Route: Dillon – Grant, MT
Quote of the day from Saya (age 6): A short squall blew in while we were cycling. After Sho playfully offered to make a sacrifice to the weather god to stop the wind and rain, Saya asked, “Wait, is there a god of farts?”
Before leaving Dillon, Sho, Saya and I bought two days’ worth of meals at a Safeway. Salmon, Idaho, the next town with a place to buy food, is 90 miles away, on the other side of the Lemhi mountain pass. The bike trailer was noticeably heavier, thanks to the extra food and gallons of water I added, making cycling up hills a challenge for me. Meriwether Lewis would have written, “My legs were much fortiegued from the effort.”
We ate lunch at an abandoned gas station (see pic), but the rest of our route was picturesque. The highlight was Clark Canyon Reservoir, a beautiful glistening body of water created by a dam that didn’t exist when the Corp of Discovery passed through here 208 years ago, nearly to the day. At the bottom of the lake is the site of Camp Fortunate, where Sacagawea saw her brother, Cameahwait, for the first time since she had been kidnapped by a Hidatsa raiding party some five years earlier. Her brother, Chief of the Shoshone tribe, agreed to provide Lewis & Clark with horses and a guide over the Continental Divide. The previous month had been one of increasing desperation for Lewis & Clark, as they discovered that there was no all-water route to the Pacific Ocean and that the Rocky Mountains were much more formidable than they had anticipated. The Lewis & Clark expedition most likely would have failed to reach the Pacific Ocean were it not for Sacagawea’s help.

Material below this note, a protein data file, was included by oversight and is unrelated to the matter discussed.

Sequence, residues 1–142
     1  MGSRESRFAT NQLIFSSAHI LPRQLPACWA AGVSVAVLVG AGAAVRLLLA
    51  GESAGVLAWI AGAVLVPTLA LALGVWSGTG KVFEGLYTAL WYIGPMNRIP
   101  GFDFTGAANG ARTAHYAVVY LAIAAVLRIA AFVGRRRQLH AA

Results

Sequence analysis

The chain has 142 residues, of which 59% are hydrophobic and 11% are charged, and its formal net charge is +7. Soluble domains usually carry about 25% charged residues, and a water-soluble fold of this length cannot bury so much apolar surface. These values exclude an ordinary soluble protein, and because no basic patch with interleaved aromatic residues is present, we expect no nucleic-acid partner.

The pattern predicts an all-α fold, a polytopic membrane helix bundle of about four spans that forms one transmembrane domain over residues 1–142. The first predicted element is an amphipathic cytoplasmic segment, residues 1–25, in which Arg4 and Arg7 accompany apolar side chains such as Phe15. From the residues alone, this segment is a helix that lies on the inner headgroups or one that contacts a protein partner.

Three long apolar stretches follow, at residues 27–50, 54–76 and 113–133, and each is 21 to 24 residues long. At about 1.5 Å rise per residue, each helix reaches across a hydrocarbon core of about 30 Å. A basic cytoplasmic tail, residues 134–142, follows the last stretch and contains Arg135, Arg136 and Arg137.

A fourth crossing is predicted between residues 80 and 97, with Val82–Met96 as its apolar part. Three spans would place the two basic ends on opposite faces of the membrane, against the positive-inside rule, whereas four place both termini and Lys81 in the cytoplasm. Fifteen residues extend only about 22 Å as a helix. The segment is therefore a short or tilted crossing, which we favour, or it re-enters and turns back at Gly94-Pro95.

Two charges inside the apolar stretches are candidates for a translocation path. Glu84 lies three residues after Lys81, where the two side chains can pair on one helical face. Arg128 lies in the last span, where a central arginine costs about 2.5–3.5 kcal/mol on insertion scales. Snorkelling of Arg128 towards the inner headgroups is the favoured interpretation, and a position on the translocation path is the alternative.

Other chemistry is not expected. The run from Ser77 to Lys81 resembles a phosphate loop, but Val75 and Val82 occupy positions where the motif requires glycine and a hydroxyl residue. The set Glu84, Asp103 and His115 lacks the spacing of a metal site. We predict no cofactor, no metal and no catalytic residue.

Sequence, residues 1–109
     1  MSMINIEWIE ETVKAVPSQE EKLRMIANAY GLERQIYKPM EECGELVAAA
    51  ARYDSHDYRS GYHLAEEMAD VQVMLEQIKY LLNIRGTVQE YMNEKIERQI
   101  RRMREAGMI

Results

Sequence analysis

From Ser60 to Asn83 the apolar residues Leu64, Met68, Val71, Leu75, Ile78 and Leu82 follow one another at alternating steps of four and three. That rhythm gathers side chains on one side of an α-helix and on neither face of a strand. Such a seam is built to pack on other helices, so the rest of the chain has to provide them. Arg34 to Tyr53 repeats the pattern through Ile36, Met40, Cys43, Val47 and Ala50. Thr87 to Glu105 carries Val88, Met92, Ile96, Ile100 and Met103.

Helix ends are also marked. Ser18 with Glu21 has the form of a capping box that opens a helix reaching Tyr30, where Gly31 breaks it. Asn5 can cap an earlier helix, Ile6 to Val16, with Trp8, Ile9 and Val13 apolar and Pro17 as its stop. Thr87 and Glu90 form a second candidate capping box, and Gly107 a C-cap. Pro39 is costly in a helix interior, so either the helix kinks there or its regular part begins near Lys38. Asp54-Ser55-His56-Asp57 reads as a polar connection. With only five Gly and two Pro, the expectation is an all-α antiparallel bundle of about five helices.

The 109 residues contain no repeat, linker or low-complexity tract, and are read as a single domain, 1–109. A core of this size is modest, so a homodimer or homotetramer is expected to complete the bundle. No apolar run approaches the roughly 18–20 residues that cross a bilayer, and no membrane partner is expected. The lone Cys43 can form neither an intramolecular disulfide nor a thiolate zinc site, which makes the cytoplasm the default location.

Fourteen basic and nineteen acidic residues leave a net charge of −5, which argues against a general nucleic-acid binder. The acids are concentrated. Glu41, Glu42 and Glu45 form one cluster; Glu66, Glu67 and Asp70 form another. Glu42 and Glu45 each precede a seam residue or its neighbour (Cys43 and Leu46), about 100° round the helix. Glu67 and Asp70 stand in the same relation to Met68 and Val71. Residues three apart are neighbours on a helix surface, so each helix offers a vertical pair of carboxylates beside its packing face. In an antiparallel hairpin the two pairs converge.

After leaving the reservoir, we cycled along a country highway nearly empty of vehicles. We soon began to smell smoke and eventually could see a charred and smoldering hill in the distance to our left. A brown plume rose from the smoldering fire before being caught by the wind and blown toward us. I found out later that it was a forest fire caused by a lightening strike. The fire reminded me of how vulnerable we are on our heavily laden, slow-moving bicycles, crawling along the base of towering mountains out here in big sky country. Sho’s playful pleas to the weather god started to sound like a prudent precaution.
We decided to spend the night in a small town named Grant with a promising “restaurant, saloon and hotel” that, sadly, was out of business. We found a kind woman named Nancy Taylor working in the local elementary school who allowed us to set up our tent beside the playground. I chatted with Nancy for a while. She grew up in Montana, the descendant of homesteaders, and told me how industrialized farming has made it nearly impossible for family farms to stay in business. We talked about the value of raising children with a sense of belonging to a community and with a connection to nature. She told me about a moose calf that showed up at her house one day. Most likely, it’s mother had been killed. The young moose chose to stay and grew up at Nancy’s home until, one day, it trotted off into the wilderness.
Snuggled next to one another in our tent behind the elementary school, Sho, Saya and I fell asleep to the high-pitched calls of coyotes echoing in the distance.
Here are some pics:
Our lunch spot
Saya loves cucumbers
Is that buffalo real or fake? You decide.
By the beautiful Clark Canyon Reservoir
Nancy Taylor in Grant Elementary School, Montana